From the New Jersey Herald:
Faced with a foreclosure rate among the highest in the country, Sussex County officials took the first steps in a program designed to bring help to homeowners before the bank calls about late payments.
The freeholders asked department Administrator Stephen Gruchacz to look at ways his department can take a proactive approach to the problem and suggested the Housing Partnership as a starting point since former Freeholder Sue Zellman was executive director at the Dover-based organization before her retirement. The Housing Partnership is a HUD-certified counseling agency for mortgage delinquency and default resolution.
Gruchacz said the department has also begun talks with several mortgage companies and banks seeking a way to include information along with the monthly mortgage statements and is looking at ways to involve the Federal Housing Administration, which provides mortgage insurance on homes, among other services.
Sheriff Mike Strada, whose office handles auctions of foreclosed properties, the final step in a lengthy foreclosure proceeding, said currently 450 foreclosures are in the department’s system, meaning a court has issued a writ of foreclosure and the property can now be sold.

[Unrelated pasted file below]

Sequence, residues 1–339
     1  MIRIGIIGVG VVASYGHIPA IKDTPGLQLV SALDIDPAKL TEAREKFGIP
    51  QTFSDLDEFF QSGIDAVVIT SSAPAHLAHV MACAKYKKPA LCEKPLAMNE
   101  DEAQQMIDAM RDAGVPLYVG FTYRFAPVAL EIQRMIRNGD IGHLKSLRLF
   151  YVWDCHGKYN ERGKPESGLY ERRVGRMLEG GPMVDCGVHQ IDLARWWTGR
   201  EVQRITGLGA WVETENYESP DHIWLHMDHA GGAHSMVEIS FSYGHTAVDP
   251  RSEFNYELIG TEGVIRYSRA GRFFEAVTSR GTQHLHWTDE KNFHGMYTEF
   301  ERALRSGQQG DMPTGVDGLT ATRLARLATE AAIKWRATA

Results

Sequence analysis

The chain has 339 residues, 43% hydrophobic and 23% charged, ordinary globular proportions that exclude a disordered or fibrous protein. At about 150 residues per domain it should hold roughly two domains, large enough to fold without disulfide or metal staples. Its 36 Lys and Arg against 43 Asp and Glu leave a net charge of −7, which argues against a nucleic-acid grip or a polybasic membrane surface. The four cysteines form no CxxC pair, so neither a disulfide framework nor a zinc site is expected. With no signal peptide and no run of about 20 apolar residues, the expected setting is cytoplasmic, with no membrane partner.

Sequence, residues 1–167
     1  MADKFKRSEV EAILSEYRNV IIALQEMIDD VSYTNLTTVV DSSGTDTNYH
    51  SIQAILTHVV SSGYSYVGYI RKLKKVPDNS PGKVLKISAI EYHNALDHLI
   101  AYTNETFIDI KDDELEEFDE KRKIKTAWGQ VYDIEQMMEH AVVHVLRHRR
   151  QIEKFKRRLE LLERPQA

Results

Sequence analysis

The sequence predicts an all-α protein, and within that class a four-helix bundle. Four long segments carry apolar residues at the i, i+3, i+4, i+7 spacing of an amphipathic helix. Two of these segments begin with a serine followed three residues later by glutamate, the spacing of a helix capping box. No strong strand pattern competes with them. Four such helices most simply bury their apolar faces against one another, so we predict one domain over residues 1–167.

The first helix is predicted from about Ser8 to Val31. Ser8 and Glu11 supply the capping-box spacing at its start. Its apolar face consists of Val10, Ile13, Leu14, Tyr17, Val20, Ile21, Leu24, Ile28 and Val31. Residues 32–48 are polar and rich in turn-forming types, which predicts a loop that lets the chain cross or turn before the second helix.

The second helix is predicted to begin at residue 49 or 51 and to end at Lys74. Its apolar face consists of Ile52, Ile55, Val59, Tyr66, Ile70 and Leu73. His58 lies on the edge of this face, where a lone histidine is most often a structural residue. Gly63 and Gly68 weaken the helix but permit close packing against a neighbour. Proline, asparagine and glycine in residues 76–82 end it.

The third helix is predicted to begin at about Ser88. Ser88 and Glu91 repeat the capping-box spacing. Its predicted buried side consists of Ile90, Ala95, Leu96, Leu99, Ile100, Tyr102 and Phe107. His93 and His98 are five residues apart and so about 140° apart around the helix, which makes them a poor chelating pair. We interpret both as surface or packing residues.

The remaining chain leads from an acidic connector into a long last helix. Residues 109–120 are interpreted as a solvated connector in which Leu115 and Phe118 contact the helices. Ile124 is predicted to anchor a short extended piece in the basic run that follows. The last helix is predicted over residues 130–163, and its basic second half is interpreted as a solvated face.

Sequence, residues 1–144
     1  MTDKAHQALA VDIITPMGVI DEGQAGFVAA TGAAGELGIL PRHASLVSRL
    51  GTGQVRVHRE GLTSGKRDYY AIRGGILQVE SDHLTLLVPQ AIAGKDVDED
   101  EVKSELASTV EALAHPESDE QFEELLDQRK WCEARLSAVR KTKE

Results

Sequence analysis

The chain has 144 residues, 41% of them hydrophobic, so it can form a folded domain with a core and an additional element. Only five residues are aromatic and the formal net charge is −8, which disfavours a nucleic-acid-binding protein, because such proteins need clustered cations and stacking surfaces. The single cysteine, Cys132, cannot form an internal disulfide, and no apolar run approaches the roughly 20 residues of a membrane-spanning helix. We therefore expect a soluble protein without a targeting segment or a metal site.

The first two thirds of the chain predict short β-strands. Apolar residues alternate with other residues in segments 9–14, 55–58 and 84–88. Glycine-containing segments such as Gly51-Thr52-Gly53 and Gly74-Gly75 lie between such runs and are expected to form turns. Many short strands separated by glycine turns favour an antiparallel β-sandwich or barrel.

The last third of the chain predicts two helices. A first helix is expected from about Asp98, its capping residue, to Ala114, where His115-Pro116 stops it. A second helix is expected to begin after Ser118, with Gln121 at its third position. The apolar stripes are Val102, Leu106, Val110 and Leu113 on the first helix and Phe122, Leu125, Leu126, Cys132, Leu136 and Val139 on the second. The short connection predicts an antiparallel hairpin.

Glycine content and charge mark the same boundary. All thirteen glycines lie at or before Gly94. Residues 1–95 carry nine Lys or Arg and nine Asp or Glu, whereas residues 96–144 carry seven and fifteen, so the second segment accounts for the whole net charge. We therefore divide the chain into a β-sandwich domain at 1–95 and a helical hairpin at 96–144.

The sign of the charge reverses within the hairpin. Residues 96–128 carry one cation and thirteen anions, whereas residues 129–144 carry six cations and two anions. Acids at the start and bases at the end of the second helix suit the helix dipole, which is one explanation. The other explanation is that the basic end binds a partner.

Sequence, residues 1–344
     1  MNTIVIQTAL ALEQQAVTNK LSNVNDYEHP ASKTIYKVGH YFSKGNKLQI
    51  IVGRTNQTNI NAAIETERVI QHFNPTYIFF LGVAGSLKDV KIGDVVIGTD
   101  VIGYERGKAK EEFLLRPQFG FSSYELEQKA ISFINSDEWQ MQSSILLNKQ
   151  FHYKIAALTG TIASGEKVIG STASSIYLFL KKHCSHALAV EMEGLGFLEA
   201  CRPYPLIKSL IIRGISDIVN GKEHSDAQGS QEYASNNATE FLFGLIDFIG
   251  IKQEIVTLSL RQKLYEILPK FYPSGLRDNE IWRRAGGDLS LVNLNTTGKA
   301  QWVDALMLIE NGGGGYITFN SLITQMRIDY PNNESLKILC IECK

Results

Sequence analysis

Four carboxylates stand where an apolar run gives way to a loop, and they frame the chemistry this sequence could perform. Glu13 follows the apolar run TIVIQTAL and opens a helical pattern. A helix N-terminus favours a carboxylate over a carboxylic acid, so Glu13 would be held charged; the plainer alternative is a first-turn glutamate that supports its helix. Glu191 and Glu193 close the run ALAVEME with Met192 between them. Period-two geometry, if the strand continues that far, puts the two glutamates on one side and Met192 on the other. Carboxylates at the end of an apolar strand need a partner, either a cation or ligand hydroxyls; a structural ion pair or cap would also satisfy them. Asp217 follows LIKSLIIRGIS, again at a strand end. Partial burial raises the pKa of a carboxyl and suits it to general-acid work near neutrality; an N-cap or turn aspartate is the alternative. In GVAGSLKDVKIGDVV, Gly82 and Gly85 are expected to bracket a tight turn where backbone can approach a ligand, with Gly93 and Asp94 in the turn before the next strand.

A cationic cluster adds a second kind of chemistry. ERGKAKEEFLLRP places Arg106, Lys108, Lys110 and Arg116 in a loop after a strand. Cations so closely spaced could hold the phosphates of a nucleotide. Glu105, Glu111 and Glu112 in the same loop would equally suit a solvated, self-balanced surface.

By the time his department gets a court writ to sell at auction, “it’s taken two to five years to get through the system,” and, he said, “something like 99 percent are going back to the bank (at auction) because there isn’t a bid.”
Most of the properties have a higher mortgage than the market value of property, making it unlikely to attract a buyer looking for a bargain.
He said the latest numbers given to him during a staff meeting — pulled from realtytrac.com — indicate New Jersey has the sixth highest rate of foreclosures among states and Sussex County has the highest foreclosure rate among New Jersey 21 counties.
Freeholder Rich Vohden, who has been following demographic trends in Sussex County since late 2013, uses the number of lis pendens, the formal notice from the lender that the borrower has fallen two payments behind, as his gauge.
Vohden said as of March 31, there were 9,131 lis pendens in Sussex County, an increase of 132 over the first of the month.
“I’m not being negative, I’m just reciting the facts,” he said. “I think it’s important we know where we are before we can decide how to go forward.”
He said the number of foreclosure proceedings “ties into all the other issues, such as the drop in home values, the drop in property valuation, even the loss of population.”